1. Chapter Quizzes (10 @ 15 pts each).  The weekly chapter quizzes are posted on Canvas. The quizzes will help you focus on which material is most important in each Chapter, so when the reading gets dense (and it does sometimes!) – I likely will not expect you to know the material in that much depth.  You can open the quiz and go back and forth to the book to make sure you get the answers correct for each question.  Then think through the questions in #3 above, and you should be good to go.  You are welcome to read all the details, but I am gearing the class toward the big picture, the lab activities, the discussion boards, and extra credit activities.
  2. Lab Assignments are nearly half of your grade (9 @ 50 points each).  Half of your labs will be performed on campus (weeks 2, 4, 6, and 8, 24 students per lab) with hands-on experiments:
    • watching CO2 warm air,
    • manipulating the energy budgets of miniature sand ecosystems,
    • watching the CO2 from your breath acidify water, and
    • visiting the OSU ocean sediment and ice core labs.  These lab visits are rare opportunities as there are only a handful of these labs in the world!                                                                                                                                                                                   The remaining labs (weeks 1, 3, 5, 7, 9) will be performed on your own time on canvas.  For these labs you will:
    • be guided to websites where you will access historical climate data and see for yourself if the globe appears to be warming and if this pattern holds for various countries and locations throughout the globe,
    • visit websites that animate satellite images to see how data are collected from space and why this is important to help fully understand the mechanisms of Earth’s changing climate system, and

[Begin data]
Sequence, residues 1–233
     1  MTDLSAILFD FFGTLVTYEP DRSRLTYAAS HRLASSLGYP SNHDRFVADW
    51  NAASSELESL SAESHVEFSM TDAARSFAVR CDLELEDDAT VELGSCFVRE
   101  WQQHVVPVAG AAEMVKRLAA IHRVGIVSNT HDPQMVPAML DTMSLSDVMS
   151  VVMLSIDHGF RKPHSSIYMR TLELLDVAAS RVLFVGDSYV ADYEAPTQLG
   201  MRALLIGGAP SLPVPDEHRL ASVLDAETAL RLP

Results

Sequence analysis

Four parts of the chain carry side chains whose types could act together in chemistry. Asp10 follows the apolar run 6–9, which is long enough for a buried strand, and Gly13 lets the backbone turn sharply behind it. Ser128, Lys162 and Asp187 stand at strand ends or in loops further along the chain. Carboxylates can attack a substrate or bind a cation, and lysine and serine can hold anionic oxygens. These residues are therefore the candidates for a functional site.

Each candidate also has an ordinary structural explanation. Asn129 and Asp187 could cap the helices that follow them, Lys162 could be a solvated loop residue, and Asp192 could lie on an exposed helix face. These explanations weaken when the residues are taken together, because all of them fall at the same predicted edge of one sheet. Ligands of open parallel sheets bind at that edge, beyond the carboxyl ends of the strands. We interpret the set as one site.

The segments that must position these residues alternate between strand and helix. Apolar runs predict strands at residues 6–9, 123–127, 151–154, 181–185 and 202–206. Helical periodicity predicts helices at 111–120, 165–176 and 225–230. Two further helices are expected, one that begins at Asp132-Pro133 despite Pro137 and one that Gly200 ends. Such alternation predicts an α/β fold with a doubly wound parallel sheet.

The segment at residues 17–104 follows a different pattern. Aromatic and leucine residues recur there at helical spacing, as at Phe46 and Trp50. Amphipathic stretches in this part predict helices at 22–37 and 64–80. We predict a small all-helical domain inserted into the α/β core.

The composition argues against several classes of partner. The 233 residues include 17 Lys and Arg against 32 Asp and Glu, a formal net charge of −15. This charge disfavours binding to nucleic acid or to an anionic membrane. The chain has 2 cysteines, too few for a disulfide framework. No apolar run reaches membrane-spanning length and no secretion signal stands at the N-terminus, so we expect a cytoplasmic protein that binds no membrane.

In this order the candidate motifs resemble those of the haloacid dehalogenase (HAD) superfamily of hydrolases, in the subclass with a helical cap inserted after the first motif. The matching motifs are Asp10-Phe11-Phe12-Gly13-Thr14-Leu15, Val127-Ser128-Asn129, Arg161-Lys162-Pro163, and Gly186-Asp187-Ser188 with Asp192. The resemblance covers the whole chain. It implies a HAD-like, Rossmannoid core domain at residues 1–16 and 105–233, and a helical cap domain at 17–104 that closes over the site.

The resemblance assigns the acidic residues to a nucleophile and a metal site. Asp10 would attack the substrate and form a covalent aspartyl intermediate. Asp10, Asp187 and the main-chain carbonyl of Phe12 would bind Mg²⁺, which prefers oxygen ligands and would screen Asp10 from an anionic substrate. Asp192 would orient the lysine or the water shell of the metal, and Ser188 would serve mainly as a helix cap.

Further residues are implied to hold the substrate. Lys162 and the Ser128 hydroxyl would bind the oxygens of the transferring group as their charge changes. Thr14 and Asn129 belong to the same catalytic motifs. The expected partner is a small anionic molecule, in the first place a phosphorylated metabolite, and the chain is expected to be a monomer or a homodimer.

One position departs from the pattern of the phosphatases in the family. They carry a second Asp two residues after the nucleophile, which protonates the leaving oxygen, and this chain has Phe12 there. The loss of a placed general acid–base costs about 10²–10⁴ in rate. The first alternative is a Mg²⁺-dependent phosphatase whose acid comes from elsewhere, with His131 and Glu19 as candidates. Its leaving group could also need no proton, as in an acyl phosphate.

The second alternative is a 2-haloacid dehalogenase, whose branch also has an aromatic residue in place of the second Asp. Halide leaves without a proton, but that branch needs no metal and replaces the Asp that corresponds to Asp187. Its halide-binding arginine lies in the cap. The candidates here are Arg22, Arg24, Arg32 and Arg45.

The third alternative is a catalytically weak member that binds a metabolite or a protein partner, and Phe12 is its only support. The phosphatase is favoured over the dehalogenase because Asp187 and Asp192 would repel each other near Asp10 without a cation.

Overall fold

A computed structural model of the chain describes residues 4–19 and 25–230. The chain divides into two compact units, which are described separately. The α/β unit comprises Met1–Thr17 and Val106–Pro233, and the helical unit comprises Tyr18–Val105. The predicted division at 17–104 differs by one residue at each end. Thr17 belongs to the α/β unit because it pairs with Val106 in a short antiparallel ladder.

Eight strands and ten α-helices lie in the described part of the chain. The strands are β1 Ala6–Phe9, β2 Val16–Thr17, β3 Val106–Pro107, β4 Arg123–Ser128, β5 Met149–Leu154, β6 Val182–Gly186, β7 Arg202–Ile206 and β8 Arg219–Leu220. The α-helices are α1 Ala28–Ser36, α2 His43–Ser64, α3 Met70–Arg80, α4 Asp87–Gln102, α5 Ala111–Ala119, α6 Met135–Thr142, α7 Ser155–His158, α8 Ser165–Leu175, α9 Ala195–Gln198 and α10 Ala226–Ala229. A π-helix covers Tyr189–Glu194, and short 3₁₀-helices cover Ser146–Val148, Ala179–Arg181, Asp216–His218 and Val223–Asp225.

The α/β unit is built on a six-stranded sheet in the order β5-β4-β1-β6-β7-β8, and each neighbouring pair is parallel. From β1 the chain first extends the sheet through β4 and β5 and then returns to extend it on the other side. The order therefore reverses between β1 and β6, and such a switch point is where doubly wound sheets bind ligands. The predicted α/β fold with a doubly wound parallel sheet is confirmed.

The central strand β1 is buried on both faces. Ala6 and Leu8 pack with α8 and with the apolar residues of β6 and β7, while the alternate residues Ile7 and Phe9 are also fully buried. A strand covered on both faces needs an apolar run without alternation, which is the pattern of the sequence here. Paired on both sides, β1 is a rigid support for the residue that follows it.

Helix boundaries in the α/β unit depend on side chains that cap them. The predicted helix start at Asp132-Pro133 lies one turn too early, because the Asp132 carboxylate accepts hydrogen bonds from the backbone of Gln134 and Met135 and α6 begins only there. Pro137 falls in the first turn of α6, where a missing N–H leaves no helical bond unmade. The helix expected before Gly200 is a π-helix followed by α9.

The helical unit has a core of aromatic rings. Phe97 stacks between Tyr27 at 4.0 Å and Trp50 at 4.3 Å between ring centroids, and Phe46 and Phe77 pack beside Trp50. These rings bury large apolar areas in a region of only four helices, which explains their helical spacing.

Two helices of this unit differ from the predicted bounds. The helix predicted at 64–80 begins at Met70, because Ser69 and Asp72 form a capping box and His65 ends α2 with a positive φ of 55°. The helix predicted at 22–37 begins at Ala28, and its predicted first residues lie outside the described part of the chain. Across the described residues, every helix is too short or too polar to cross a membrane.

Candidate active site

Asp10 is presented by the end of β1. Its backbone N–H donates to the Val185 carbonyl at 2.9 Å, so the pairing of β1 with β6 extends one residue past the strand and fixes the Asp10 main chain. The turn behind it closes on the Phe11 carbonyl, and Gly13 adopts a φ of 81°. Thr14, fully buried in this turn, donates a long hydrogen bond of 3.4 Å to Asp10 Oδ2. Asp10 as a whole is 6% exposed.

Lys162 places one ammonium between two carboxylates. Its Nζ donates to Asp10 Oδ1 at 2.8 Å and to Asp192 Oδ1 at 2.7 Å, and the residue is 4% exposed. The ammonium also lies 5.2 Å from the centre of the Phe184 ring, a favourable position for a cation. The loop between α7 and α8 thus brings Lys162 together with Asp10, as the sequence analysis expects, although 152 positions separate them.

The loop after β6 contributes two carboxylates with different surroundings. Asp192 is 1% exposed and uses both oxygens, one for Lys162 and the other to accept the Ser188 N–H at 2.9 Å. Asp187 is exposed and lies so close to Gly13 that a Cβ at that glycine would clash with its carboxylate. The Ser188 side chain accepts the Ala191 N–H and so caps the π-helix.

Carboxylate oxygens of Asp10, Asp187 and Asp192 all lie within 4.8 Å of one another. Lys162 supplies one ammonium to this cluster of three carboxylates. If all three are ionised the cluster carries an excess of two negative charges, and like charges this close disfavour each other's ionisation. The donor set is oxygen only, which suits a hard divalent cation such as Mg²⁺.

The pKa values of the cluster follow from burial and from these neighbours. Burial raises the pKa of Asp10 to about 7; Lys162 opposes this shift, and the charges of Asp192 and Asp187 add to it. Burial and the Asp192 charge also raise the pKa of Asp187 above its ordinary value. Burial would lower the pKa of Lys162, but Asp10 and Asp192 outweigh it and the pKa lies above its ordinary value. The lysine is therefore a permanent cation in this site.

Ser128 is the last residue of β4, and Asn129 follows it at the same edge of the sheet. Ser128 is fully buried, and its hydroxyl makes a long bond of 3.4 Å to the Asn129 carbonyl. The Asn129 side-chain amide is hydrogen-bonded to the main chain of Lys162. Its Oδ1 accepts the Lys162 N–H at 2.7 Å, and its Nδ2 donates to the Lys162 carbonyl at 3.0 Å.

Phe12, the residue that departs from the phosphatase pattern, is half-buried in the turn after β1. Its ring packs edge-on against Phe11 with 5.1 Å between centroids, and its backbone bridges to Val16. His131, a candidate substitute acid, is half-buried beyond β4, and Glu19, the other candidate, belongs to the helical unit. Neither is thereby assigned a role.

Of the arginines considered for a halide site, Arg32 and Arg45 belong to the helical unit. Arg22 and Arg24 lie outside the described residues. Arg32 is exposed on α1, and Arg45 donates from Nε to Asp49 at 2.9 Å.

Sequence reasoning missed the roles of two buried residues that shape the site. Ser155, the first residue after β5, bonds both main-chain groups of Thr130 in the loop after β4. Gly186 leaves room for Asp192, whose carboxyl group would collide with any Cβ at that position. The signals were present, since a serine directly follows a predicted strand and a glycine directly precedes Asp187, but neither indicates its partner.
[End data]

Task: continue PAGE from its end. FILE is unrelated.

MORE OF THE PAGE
• access links to specific passages of publications that have documented the current impacts of climate change on various sectors, regions and resources where you will work through exercises related to these impacts.

There will also be two required Discussion Boards where you will watch the movies “An Inconvenient Truth” (week 5) and “Merchants of Doubt” (week 8) and write a short essay/blog that you will post to your discussion group and be able to see and comment on how others responded to these movies.  The rubric for how to get full credit on each Discussion Board will be posted in the Canvas module.

Linkage of the on-line and in-person aspects of this course will enable you not only to be familiar with the content and have access to the extensive online resources so you can keep up with (or know where and how to access new findings) on the science of human caused climate change that develops in the future.  But it will also allow you to have informed discussions and interactions with others that will form the basis for how you will interact and vote on this issue as it prevails throughout your business, economic, and personal decisions for the rest of your life.  Ultimately, transfer of this information beyond the classroom to friends, family and work associates will enable you to provide an active voice on decisions that will affect the environment for the rest of your life and the lives of future generations.